Humble Roots by Hannah Anderson

anderson-hannah-humble-roots-1200x1800.jpg

We know as Christians that we are called to be humble. But what does it mean to be humble? If you surveyed your average congregation I wonder what kind of answers you would get. Perhaps being a doormat? Or how about having low self-esteem? Perhaps being modest and deflecting praise? I’m sure you’d hear at least one person quote the classic C.S. Lewis line that humility is not thinking less of ourselves; rather, it is thinking of ourselves less. It is humility that author Hannah Anderson sets out to examine in her book Humble Roots. I was intrigued by her starting point in directing us to our need to humble ourselves. She describes herself lying in bed at night, wide awake next to her peacefully slumbering husband, her mind racing. She then shares how this same restlessness pervaded her days. The unfinished to do lists, neglected friendships, endless responsibilities and the guilt she felt at never fulfilling them. The sensation of being weighed down by the normal stuff of life. She relays how she was feeling stressed and unhappy, with no major reason to be so. There was no particular crisis, just all the little ones of day to day life. She describes how so many of us feel this same way “blessed beyond measure, but exhausted, anxious, and uncertain nonetheless.”

Anderson tells us that for years she heard that the solution to such stress came from setting up boundaries, finding ways to be more productive, cultivating gratitude, and scheduling “me-time”. Essentially, that our sense of peace depends on us. She then invites us to turn to Jesus’ words in Matthew 11:28 “Come to me, all who labour, and are heavy laden, and I will give you rest”. Here, she writes, we see that our peace doesn’t start with us, it starts with Him. And peace starts with learning His humility. The goal of her book on humility is to “understand how pride manifests itself in anxiety and restlessness; and how humility frees us from the cycle of stress, performance, and competition.”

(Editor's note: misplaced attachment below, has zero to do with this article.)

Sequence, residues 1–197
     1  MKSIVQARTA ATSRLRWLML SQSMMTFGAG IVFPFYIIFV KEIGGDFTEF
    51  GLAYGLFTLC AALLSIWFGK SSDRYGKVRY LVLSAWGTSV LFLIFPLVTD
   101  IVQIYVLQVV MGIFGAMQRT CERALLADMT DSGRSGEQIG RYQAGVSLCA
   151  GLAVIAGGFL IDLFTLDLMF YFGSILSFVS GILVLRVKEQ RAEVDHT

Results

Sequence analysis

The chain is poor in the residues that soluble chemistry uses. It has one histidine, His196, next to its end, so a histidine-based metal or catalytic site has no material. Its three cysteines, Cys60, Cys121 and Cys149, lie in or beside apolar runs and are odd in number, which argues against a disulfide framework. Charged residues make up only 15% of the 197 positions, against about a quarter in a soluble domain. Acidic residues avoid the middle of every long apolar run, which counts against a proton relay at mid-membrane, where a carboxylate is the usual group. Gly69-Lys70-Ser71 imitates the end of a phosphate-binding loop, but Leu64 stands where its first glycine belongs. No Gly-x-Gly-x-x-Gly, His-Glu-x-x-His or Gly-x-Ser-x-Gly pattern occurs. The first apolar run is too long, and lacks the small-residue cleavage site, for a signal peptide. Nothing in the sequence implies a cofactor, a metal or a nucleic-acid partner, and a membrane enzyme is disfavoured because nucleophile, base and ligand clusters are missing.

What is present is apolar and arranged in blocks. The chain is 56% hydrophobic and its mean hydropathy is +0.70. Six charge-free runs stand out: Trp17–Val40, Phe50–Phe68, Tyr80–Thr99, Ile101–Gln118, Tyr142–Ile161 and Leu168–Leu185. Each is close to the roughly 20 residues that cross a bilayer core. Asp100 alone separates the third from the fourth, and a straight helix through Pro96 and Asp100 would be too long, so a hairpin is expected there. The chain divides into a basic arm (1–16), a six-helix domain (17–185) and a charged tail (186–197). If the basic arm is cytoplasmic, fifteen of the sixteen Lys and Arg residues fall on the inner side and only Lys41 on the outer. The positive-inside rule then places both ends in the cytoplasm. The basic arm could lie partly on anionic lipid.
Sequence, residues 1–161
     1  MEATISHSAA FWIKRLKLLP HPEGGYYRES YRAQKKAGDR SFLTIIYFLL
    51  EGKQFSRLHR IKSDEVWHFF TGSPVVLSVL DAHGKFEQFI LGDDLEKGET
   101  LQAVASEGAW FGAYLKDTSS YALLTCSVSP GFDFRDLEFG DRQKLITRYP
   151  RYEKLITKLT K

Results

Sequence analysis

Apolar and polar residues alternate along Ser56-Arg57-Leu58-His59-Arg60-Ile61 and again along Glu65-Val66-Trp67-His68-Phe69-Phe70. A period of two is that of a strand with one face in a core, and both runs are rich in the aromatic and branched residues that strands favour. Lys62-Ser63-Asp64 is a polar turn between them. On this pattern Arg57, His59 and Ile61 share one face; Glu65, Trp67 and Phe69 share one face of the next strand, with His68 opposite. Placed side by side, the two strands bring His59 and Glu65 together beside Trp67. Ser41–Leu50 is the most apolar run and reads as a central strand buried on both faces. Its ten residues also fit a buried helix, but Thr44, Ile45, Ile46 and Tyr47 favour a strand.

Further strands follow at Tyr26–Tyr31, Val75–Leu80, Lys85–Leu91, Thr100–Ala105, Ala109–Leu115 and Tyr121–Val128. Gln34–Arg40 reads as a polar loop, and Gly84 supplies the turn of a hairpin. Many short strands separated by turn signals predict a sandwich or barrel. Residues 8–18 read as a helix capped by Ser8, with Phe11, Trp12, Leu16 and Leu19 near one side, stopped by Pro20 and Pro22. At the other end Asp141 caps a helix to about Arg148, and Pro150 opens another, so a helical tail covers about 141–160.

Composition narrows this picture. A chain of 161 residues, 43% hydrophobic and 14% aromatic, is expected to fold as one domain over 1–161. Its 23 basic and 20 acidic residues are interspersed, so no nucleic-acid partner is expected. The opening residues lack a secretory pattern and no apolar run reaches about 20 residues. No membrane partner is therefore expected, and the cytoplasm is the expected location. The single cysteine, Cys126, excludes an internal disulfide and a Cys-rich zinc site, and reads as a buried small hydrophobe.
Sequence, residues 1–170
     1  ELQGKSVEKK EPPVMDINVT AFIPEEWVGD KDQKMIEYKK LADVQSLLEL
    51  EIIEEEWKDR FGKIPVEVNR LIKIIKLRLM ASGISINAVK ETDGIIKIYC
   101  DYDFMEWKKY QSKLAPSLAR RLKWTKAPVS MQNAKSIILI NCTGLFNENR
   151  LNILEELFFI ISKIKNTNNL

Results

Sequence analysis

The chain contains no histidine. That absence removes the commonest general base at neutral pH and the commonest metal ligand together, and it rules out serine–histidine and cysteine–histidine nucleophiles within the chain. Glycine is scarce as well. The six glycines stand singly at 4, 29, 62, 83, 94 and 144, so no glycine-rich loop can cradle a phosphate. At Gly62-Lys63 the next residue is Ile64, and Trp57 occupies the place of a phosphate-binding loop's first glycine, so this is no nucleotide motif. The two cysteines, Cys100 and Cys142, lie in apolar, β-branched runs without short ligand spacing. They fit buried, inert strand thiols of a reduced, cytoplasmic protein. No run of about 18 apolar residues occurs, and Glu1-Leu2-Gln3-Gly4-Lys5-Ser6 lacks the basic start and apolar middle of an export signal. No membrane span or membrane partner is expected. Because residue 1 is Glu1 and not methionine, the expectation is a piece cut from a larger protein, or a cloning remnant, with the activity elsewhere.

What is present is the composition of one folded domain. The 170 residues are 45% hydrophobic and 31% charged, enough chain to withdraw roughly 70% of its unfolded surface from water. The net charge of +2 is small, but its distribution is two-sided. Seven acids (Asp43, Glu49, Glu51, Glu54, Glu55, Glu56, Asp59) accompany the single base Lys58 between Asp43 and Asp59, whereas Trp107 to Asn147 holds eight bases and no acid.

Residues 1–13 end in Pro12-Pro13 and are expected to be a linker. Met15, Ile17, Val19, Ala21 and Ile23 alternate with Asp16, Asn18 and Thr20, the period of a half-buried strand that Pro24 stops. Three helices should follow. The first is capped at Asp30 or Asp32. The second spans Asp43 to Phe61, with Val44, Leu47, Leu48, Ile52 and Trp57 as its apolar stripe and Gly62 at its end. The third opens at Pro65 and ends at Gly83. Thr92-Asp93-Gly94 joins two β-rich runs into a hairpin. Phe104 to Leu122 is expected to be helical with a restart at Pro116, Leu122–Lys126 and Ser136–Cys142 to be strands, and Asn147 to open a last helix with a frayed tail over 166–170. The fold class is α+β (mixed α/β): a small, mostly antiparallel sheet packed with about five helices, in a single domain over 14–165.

We are going to explore some of what Anderson has to say about cultivating humility over two more posts, but first we get to the heart of what the book points us to. What Anderson sees as the heart of what it means to be humble. And it seems quite simple. She sums in up in three words. “You’re. Not. God.” This will be the key focus of much of the book. To be humble is to know that God is God and we are not and to know ourselves as creatures that are dependent on him. Where we fail to see this will manifest itself as pride in many of our everyday choices.

I have to say that I found myself nodding along as Anderson described the heavy laden-ness that she walked through life with. And I was intrigued by her diagnosis of the cause of so much of this as our lack of humility. Here at the beginning of her book she challenged me with this: “When we believe that we are responsible for our own existence, when we trust our ability to care for ourselves, we will have nothing but stress because we are unequal to the task.” She points us instead to the instruction of Jesus to “Seek first the kingdom of God and his righteousness”, and it is here she sees the start of humility. We must seek God, and let him take care of the rest.

 

Joc.png

Meet our contributor | Jocelyn Loane is married to Ed, who lectures in Doctrine and Church History at Moore College. They have five children and enjoy church together at St Peters, Cooks River. Her children think her hobbies include laundry, finding lost shoes and making multiple versions of the same dinner.

 

 

Rachael CollinsComment